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Posts Tagged ‘The Least of All Possible Evils’

The image of the dead, the voice of the living

November 17, 2012 Comments off

We did what many others were doing. We made images and we turned the volume up too high. With any image: Vietnam. Always the same sound, always too loud, Prague, Montevideo, May ’68 in France, Italy, Chinese Cultural Revolution, strikes in Poland, torture in Spain, Ireland, Portugal, Chile, Palestine, the sound so loud that it ended up drowning out the voice that it wanted to get out of the image. Here and Elsewhere, 1976, Jean-Luc Godard and Anne-Marie Miéville

Eyal Weizman differentiates between pedagogical violence and total or absolute violence. While the former functions linguistically where in addition to eliminating the intended targets it communicates with the  survivors, the latter is exercised to wipe out the subject completely, and/or to produce a new subject—and as such introduce a new language. Yet, the pedagogical violence functions as long as a gap between the actual and possible violence is maintained and thus it is a discursive form that manages this space that it first defines and then opens it for negotiations. The form of violence exercised by the Israeli military in Gaza belongs to the first order of violence but it is to achieve the results of the second order (one can of course imagine any form of pedagogical violence an absolute form if it is exercised systematically in a large-scale to produce new subjects. As for instance penal violence is expected to transform the subject).

The total elimination of the subject, in this case the Palestinians, is not solely a military job, but rather it is a media operation that manages and supports the military to achieve its goals. It functions on two separate layers: the image and the voice. The media simultaneously presents and distributes the mute images of Palestinian dead and wounded and the voice of Israeli officials and pundits who frame the invasion as retaliation, a response to a rocket strike by Hamas militants. The Palestinians, the victims of the mortars are revictimized in the image—the mute dead, traumatized or severely injured subject. We see dead Palestinians and hear living Israelis. The words belong to the living and the images to the dead, and as we know the dead cannot talk unless summoned from the underworld.

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Violence as message

September 24, 2012 Comments off

The opposition in Syria is documenting the war from all angles and sides, creating an immense online repository of images of destruction, updated by the hour on the internet. A survey of the images from the start of the uprising in March 2011 to date show the changes in the landscape of violence and its intensification. Thomas Keenan and Eyal Weizman (see Weizman, The Least of All Possible Evils)note about the communicative, or pedagogical dimension of violence, sustained by the gap between the actual destruction inflicted by an army and the possible destruction that an army is able to apply. “It is through the constant demonstration of the existence and size of this gap that the military communicates with the people it fights and occupies,” writes Weizman, “restraint is what allows for the possibility of further escalation.” Now with this in mind, the question is how much the documentary apparatus that is capturing the violence in Syria can define and act as a measure of the aforementioned gap, and whether the production and consumption of the visual material can also develop a capacity for resistance and a threshold for intensification of violence. That is, in each phase of this conflict, the visual material have surpassed what was considered or believed as tolerable, and yet the receivers of the violence have managed to document and distribute the atrocities. It is important to note that unlike many previous contemporary conflicts, it is the receivers of the violence who are also acting as documentarians instead of the professional journalist. Thus an analysis of the visual material can help the military to adjust the forces of destruction according to the degree of tolerance exercised in the act of documentation. But yet, there is another dimension to the war and that is total destruction, and here the gap between possible and actual violence is closed, and war becomes a “total war… stripped from semiotics.” At this level, war is not about conviction of the subjects of violence, but rather about the reconstruction of the desired subject or the total annihilation of the surplus.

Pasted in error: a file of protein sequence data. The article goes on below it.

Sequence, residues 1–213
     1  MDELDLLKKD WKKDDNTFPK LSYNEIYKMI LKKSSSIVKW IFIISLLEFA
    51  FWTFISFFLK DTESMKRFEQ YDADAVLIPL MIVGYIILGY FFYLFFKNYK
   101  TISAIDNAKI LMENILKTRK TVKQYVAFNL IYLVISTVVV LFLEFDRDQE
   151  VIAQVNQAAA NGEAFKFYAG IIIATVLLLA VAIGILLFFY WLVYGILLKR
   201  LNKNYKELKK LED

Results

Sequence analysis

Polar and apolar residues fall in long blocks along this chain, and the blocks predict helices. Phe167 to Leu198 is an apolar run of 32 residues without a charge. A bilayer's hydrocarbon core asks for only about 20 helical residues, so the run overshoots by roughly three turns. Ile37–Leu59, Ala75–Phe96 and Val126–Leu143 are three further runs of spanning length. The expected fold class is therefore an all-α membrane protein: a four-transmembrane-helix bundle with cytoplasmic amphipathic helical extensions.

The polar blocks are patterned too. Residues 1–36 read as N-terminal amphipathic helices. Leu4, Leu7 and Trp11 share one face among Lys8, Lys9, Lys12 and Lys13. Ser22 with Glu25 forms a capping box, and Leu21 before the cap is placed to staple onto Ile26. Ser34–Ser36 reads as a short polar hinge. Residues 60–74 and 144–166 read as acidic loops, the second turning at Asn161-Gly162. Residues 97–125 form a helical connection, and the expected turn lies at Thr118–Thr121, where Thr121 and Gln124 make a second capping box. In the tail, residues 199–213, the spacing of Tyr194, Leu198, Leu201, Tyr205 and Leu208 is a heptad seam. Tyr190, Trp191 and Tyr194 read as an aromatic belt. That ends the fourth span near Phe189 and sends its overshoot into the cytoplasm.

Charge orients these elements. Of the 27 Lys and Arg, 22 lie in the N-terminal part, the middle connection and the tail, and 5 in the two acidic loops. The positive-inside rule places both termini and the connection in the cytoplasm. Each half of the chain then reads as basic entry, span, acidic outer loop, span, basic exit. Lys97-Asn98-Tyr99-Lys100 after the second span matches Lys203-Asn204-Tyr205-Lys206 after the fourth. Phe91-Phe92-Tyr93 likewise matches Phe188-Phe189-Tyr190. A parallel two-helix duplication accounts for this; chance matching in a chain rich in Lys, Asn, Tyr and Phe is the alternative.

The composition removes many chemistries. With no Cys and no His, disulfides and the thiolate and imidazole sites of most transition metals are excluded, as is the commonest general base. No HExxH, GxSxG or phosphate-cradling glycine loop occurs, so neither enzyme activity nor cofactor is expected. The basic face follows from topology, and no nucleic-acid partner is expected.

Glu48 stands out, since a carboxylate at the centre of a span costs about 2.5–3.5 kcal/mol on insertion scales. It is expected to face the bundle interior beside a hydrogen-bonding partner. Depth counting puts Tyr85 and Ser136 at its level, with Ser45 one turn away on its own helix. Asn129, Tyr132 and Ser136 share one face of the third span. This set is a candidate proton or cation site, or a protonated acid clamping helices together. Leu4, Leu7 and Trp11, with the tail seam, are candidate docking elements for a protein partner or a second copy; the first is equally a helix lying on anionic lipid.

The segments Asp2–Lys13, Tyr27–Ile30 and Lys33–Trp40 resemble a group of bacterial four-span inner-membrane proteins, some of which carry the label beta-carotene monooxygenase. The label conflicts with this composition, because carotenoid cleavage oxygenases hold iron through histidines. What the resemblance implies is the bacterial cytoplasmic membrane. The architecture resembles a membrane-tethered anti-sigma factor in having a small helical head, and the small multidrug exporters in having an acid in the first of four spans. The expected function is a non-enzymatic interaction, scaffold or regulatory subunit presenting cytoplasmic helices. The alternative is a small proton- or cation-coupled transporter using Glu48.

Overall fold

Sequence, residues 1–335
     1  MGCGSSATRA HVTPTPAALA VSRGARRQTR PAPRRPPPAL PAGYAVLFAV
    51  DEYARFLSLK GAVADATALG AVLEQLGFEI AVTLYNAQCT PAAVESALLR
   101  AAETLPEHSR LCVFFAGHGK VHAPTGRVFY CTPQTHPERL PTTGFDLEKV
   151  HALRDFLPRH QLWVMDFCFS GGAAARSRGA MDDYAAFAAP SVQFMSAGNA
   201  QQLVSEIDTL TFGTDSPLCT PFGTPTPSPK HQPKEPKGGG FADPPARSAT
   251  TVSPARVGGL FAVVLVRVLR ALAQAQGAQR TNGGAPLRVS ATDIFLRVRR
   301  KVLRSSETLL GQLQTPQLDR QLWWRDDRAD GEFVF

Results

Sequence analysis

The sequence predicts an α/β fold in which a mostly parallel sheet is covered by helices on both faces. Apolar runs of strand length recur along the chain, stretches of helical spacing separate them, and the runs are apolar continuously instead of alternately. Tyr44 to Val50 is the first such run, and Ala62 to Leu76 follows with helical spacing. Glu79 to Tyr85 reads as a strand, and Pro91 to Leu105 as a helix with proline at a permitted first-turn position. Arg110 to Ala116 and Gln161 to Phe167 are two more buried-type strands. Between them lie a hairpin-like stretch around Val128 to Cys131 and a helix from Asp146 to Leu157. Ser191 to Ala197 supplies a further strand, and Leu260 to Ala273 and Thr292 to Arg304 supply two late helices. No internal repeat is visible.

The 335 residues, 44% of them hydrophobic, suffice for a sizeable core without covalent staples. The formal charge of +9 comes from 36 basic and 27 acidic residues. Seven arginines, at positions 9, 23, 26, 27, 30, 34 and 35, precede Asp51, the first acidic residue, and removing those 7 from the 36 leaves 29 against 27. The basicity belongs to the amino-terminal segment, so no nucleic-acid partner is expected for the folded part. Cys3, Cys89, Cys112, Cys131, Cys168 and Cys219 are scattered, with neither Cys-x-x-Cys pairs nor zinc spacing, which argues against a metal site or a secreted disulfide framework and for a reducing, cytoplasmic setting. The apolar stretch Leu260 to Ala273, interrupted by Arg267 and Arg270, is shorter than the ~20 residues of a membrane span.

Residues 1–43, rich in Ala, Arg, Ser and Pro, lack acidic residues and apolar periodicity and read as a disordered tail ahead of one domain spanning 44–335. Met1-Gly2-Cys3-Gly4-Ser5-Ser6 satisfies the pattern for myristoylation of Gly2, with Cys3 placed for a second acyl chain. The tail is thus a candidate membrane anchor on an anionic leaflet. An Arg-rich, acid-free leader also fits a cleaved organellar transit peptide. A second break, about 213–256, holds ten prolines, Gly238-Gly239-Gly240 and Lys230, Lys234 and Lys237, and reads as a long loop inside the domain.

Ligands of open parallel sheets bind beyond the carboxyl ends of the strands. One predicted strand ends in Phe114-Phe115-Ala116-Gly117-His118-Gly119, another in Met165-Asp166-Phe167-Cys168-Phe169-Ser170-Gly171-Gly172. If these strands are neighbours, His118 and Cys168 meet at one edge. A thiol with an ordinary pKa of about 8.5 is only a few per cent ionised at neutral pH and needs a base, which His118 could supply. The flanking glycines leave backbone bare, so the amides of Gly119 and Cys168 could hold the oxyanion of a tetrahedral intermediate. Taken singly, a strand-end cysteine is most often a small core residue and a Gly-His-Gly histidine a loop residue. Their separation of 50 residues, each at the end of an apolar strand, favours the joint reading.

The visualization of violence, on the one hand creates a public arena that acts as a vessel that communicates the representation of the actual inflicted violence and thus also opens the possibility of further violence by defining a degree of tolerance in production and viewership. The image constantly reconstitutes the subject that the violence attempts to erase. But yet through this dialectical relationship between violence and the image, a different subject is created. This subject is different from one of representational politics where the constitution or existence of the subject is contingent upon its representation. This visualized [undefined] subject is no longer completely the subject that it used to be (before reception of violence), and neither is the new subject that the inflictors of violence intend to construct. This subject is an a-historical one, existing as an image that defines the limits of representation.